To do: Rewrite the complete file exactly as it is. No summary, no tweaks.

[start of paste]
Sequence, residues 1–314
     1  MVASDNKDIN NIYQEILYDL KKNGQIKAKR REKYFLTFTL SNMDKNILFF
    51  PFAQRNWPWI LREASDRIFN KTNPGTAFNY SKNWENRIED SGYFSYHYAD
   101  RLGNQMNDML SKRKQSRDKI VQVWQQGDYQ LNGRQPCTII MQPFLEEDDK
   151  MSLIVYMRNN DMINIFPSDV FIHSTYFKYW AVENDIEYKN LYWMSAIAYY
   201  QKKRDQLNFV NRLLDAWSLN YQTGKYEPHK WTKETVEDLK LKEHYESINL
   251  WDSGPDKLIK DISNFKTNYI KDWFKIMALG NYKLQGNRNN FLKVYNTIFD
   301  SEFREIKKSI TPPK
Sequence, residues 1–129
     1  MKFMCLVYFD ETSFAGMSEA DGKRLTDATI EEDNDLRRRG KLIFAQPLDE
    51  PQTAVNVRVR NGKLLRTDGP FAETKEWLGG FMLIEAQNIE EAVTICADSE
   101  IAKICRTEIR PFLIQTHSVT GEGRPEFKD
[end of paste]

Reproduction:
Sequence, residues 1–314
     1  MVASDNKDIN NIYQEILYDL KKNGQIKAKR REKYFLTFTL SNMDKNILFF
    51  PFAQRNWPWI LREASDRIFN KTNPGTAFNY SKNWENRIED SGYFSYHYAD
   101  RLGNQMNDML SKRKQSRDKI VQVWQQGDYQ LNGRQPCTII MQPFLEEDDK
   151  MSLIVYMRNN DMINIFPSDV FIHSTYFKYW AVENDIEYKN LYWMSAIAYY
   201  QKKRDQLNFV NRLLDAWSLN YQTGKYEPHK WTKETVEDLK LKEHYESINL
   251  WDSGPDKLIK DISNFKTNYI KDWFKIMALG NYKLQGNRNN FLKVYNTIFD
   301  SEFREIKKSI TPPK
Sequence, residues 1–129
     1  MKFMCLVYFD ETSFAGMSEA DGKRLTDATI EEDNDLRRRG KLIFAQPLDE
    51  PQTAVNVRVR NGKLLRTDGP FAETKEWLGG FMLIEAQNIE EAVTICADSE
   101  IAKICRTEIR PFLIQTHSVT GEGRPEFKD